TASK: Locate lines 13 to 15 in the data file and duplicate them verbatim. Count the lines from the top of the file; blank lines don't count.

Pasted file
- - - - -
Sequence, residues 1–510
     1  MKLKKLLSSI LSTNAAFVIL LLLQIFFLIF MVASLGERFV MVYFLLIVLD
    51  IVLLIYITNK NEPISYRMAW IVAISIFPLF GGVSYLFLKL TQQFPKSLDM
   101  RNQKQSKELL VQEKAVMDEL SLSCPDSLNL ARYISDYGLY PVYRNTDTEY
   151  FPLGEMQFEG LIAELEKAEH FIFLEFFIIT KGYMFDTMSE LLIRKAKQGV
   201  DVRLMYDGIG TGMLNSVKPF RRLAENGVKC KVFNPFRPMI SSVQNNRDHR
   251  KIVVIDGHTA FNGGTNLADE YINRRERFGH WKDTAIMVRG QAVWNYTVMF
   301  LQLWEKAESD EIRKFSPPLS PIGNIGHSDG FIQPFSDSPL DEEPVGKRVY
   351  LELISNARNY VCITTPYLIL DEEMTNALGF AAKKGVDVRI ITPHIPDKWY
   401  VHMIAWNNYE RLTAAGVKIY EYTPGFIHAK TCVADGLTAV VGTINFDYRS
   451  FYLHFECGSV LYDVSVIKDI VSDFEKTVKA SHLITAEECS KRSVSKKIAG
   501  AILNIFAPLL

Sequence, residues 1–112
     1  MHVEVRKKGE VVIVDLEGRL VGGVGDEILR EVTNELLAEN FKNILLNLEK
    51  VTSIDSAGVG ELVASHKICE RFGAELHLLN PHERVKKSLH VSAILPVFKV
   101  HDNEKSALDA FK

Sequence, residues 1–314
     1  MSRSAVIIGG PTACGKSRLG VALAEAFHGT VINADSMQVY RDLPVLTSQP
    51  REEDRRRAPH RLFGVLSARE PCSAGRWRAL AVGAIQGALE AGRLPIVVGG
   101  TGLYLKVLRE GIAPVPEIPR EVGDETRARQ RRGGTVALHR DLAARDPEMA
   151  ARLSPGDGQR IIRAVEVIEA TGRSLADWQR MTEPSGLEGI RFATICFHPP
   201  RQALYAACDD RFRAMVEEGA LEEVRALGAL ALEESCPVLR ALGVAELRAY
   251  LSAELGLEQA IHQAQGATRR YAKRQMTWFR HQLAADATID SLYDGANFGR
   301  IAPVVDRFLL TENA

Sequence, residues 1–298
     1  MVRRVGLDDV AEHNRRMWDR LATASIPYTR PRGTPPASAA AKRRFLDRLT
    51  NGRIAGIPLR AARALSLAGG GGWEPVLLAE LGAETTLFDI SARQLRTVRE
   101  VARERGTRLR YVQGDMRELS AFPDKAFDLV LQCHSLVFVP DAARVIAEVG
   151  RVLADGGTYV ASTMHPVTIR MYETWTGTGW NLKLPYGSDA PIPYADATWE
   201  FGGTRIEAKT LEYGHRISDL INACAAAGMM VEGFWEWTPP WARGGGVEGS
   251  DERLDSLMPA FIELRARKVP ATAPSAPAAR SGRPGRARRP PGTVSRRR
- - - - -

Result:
Sequence, residues 1–112
     1  MHVEVRKKGE VVIVDLEGRL VGGVGDEILR EVTNELLAEN FKNILLNLEK
    51  VTSIDSAGVG ELVASHKICE RFGAELHLLN PHERVKKSLH VSAILPVFKV